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Exposure in Labs (help)

ebarak at NSF.GOV ebarak at NSF.GOV
Wed Jun 22 11:18:06 EST 1994

The assumption here is that violations have occurred, that laws were 
broken, that crimes were committed.

Did any violation occur?  I see no evidence.  Were laws broken?  I 
seen no evidence.  Were crimes committed?  I see no evidence.

The relative anonymity that is afforded by e-mail sometimes leads 
people to write things for public dissemination that they would not 
say in other communication modes.  I really recommend caution in what 
you write.  

______________________________ Reply Separator _________________________________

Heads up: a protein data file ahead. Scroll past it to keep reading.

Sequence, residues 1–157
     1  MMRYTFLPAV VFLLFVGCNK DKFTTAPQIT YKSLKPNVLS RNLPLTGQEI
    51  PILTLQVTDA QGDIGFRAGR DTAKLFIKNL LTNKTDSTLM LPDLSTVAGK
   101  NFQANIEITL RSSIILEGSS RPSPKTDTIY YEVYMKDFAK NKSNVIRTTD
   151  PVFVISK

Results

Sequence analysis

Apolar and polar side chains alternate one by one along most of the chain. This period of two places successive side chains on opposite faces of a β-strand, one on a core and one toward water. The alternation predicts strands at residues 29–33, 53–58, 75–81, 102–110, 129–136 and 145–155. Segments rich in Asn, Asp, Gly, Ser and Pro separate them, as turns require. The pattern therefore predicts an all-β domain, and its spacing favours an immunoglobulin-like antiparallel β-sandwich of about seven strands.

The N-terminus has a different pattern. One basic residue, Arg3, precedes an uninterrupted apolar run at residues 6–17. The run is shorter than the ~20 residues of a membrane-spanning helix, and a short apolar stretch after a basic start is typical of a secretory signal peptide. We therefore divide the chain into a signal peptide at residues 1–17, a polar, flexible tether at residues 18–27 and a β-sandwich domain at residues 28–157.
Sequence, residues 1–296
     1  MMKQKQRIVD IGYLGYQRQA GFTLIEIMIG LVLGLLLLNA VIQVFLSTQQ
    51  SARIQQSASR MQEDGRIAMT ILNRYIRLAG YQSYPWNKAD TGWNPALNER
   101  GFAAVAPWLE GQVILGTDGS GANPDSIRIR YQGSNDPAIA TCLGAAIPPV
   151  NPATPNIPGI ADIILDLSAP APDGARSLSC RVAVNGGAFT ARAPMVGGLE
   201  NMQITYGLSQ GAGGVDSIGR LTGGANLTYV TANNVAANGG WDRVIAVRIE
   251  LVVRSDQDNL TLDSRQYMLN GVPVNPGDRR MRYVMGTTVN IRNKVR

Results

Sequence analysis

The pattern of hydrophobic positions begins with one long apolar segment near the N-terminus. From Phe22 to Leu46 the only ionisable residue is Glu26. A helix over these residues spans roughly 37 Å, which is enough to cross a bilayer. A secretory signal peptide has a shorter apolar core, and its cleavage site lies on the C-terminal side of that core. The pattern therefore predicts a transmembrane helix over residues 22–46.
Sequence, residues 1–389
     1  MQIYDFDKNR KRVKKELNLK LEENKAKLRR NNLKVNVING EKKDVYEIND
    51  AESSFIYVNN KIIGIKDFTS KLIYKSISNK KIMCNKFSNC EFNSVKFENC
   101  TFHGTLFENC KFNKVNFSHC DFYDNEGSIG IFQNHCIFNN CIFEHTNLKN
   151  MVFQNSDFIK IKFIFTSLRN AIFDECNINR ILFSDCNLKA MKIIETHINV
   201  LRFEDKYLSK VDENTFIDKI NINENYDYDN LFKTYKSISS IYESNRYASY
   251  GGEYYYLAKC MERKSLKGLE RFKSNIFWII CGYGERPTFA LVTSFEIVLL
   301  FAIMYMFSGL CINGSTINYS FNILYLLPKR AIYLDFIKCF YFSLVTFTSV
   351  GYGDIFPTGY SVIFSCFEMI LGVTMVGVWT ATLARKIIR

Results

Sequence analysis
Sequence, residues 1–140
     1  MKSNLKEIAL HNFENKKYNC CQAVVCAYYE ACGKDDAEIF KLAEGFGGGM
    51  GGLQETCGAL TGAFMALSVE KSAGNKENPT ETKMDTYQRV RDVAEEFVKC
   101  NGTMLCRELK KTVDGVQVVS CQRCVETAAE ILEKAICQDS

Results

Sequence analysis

Subject: Re: Re[2]: Exposure in Labs (help)
Author:  "P. Ford" <PXF3 at psuvm.psu.edu> at NOTE
Date:    6/22/94 9:34 AM

I originally browsed this newsgroup because I am interested in the history 
of women in science, but this topic is fascinating.

What about Right-to-Know laws?  To whom does one report violations?  Does 
that vary state to state?

What about the students who trust the mentor and don't ask questions?  This 
is why I suggested writing a letter to the editor.  Perhaps there are other 
students in other classes who should be asking questions but trust the 
authority figures in the lab to insure their safety.

Finally, if you witness a crime, what do you do?  Is breaking laws designed 
to protect people's health any less important than, say, burglary?

Just wondering, PF

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